John McQueen is the owner of Anderson McQueen Funeral Home in St. Petersburg, he is giving you some options. You can be buried, like I would like. You can be cremated, as many people I know would like.
Or you can be liquified.
It's called "resomation," or "flameless cremation." It basically sticks you in a giant pressure cooker that liquifies your body. "I think this will appeal to the more environmentally conscious people who are concerned about reducing the carbon footprint they leave behind," McQueen said. Uh, dude? You're making me think of Soylent Green.
The process is simple: the body is first dressed in a silk gown. So, no, you can't be wearing your Batman costume as you go. You are then sealed in the vessel. Your family can not only watch the machine work, but they have the option of pressing the button, which is either really morbid or The Ultimate Revenge (I can just see people doing Rock Paper Scissors for the right to flip the switch). At that point, the vessel heats the body to 350 degrees F at high pressure for three hours, leaving behind bone and soup stock.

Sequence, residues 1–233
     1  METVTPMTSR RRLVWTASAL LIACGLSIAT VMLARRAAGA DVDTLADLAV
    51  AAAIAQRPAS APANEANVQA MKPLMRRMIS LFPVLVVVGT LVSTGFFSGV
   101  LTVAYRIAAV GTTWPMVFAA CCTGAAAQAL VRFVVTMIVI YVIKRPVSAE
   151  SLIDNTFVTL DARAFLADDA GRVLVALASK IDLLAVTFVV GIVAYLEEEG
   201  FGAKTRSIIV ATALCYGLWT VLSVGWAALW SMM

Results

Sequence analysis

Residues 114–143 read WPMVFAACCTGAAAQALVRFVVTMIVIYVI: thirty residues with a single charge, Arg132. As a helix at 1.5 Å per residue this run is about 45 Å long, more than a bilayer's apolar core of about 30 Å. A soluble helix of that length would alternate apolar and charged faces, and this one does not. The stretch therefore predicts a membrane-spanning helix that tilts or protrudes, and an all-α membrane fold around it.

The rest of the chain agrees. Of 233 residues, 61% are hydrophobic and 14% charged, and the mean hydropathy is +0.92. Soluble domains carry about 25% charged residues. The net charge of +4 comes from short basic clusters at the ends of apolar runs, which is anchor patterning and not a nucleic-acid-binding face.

So, the obvious question is, what do they do after you get turned into The Blob? Burials are put in a cemetery. Ashes are put in an urn. Do they stick you in a Thermos so you can be kept in the refrigerator (and this is why you should watch those expiration dates)? Nope. They flush you like a goldfish. The liquified remains are dumped into the city's municipal water supply. In fact, there was a hang up with the license until officials were convinced the dumping of the liquified remains didn't pose any harm to living people.
So, the next time you swim in Tampa Bay, you are just a little removed from the dead bodies in the pool scene in Poltergeist.
We started off as daddy's little squirt. And now....